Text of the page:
“Learners are therefore viewed as sense-makers, not simply recording given information but interpreting it. This view of learning led to the shift from the “knowledge-acquisition” to the “knowledge-construction” metaphor. While there are different versions of constructivism, Jean Piaget and Jerome Bruner, what is found in common is the learner-centered approach whereby the teacher becomes a cognitive guide of learner’s learning and not a knowledge transmitter”. (McLoad, S. 2019)

Social learning theory 

“A well-known social learning theory has been developed by Albert Bandura, who works within both cognitive and behavioral frameworks that embrace attention, memory, and motivation. His theory of learning suggests that people learn within a social context and that learning is facilitated through concepts such as modeling, observational learning, and imitation. Bandura put forward a “reciprocal determinism” that holds the view that a person’s behavior, environment, and personal qualities all reciprocally influence each other.”  (The Office of Learning and Teaching 2010).  


“The essence of this criticism was that the information-processing constructivism saw cognition and learning as processes occurring within the mind in isolation from the surroundings and interact with it. Knowledge was considered as self-sufficient and independent of the contexts in which it finds itself. In the new view, cognition and learning are understood as interactions between the individual and a situation; knowledge is considered as situated and is a product of the activity, context, and culture in which it is formed and utilized. This gave way to a new metaphor for learning as “participation” and “social negotiation”. (The Office of Learning and Teaching 2010)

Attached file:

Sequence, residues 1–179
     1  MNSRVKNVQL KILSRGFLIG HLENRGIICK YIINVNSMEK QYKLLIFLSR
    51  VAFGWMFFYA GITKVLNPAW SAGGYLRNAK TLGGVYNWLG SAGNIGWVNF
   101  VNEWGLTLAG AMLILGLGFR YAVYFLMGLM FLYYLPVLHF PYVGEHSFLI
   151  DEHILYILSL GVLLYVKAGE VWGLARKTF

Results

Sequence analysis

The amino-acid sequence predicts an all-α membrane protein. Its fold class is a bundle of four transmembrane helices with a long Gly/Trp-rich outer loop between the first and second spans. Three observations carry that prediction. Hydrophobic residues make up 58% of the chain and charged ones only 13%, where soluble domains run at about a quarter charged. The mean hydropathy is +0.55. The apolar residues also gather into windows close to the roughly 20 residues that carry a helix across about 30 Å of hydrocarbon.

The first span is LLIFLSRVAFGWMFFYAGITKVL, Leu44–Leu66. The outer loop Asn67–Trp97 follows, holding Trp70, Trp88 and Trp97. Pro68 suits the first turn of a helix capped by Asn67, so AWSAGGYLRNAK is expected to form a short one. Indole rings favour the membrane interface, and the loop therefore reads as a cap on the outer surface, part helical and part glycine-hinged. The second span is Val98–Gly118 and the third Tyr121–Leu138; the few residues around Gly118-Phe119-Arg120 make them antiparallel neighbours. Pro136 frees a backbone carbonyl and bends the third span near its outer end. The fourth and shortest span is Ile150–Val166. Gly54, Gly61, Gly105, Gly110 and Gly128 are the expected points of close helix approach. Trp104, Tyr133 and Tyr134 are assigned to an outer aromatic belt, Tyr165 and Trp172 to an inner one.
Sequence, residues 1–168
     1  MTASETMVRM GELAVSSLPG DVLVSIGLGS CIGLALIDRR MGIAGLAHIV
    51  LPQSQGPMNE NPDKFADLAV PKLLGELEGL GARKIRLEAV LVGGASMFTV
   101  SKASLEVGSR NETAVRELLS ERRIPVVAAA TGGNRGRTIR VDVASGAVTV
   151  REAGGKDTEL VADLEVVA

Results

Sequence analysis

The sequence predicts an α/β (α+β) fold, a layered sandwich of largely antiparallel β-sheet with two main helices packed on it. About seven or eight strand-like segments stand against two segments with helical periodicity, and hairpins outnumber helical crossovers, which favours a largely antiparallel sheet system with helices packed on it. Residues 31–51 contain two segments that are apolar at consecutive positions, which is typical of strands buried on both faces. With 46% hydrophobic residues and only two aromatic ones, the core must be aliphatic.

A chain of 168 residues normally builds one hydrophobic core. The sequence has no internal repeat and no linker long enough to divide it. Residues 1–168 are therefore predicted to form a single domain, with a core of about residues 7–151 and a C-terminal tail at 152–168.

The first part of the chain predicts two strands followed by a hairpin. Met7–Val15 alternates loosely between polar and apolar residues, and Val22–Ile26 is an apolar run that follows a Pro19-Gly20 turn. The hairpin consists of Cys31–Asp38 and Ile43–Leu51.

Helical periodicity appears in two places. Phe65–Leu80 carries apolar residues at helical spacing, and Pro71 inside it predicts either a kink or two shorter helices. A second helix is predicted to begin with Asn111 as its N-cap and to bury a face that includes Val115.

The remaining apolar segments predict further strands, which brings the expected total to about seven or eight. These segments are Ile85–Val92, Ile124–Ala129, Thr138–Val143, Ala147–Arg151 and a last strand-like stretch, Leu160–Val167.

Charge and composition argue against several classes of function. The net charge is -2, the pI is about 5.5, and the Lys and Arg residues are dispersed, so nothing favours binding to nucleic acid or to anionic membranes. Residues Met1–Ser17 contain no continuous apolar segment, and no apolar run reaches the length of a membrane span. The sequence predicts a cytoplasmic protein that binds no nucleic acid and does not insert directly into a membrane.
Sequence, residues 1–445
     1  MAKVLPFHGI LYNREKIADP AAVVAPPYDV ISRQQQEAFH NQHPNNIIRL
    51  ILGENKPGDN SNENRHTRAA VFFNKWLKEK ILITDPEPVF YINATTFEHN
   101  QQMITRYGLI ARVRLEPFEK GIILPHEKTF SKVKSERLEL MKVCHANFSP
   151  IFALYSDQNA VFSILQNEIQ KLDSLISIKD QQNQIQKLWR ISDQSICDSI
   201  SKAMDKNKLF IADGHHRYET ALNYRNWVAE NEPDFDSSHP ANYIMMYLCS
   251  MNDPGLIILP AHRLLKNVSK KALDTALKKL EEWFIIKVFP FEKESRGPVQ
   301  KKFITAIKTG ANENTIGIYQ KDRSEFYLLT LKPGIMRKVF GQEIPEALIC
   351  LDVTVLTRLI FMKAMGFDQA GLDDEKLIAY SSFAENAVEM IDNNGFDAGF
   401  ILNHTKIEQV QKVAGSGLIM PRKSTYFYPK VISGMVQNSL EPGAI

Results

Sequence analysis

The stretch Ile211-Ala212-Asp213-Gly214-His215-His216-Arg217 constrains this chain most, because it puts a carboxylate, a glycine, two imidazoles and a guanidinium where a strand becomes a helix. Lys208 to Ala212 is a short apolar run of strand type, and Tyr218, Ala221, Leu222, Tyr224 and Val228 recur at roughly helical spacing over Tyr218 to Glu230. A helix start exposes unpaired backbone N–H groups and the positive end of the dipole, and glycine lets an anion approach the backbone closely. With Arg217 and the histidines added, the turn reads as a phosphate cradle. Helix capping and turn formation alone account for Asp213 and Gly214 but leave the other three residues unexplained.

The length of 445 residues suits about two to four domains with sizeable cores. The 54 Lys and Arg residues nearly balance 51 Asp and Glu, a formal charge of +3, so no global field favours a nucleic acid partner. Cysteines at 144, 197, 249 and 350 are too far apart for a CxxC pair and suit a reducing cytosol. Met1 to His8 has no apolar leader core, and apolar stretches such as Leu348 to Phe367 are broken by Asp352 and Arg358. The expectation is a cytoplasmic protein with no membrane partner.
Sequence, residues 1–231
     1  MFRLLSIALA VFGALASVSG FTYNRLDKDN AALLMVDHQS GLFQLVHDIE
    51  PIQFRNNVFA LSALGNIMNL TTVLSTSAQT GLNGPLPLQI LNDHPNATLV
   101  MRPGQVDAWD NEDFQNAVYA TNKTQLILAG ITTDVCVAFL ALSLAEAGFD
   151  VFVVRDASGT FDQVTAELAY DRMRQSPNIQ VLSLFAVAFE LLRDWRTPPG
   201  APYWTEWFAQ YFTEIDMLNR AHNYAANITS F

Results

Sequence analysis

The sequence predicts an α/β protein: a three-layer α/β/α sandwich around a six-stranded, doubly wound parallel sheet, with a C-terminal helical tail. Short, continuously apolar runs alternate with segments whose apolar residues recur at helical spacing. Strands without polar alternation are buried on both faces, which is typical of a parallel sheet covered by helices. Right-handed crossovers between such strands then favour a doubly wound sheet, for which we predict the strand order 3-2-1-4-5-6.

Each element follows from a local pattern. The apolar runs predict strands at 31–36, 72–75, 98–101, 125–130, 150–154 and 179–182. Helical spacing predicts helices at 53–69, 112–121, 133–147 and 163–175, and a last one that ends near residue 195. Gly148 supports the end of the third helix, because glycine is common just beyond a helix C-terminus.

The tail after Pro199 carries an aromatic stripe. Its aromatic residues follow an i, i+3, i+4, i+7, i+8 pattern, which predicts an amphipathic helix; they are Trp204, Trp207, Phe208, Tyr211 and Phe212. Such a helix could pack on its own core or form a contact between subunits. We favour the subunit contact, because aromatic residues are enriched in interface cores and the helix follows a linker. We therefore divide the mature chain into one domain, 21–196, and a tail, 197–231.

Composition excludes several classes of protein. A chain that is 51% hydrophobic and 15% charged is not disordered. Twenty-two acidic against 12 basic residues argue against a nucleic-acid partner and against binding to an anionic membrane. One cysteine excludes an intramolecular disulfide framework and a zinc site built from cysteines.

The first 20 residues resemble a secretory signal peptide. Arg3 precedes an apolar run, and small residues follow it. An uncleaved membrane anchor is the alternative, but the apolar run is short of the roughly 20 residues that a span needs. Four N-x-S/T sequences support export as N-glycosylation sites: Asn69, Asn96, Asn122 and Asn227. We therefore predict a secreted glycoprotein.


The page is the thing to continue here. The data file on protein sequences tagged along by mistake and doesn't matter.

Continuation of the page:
Experiential learning  

“Carl Rogers is an influential proponent of these theories, suggesting that experiential learning is “self-initiated learning” as people have a natural inclination to learn; and that they learn when they are fully involved in the learning process. Rogers put forward the following insight: (1) “learning can only be facilitated: we cannot teach another person directly”, (2) “learners become more rigid under threat”, (3) “significant learning occurs in an environment where threat to the learner is reduced to a minimum”, (4) “learning is most likely to occur and to last when it is self-initiated.” ((The Office of Learning and Teaching 2010) 

Multiple intelligences 

Gardner argues that every person’s level of intelligence consists of many distinct “intelligence”. This intelligence includes (1) logical-mathematical, (2) linguistic, (3) spatial, (4) musical, (5) bodily-kinesthetic, (6) interpersonal, and (7) intrapersonal.” (The Office of Learning and Teaching 2010)

Situated learning theory and community of practice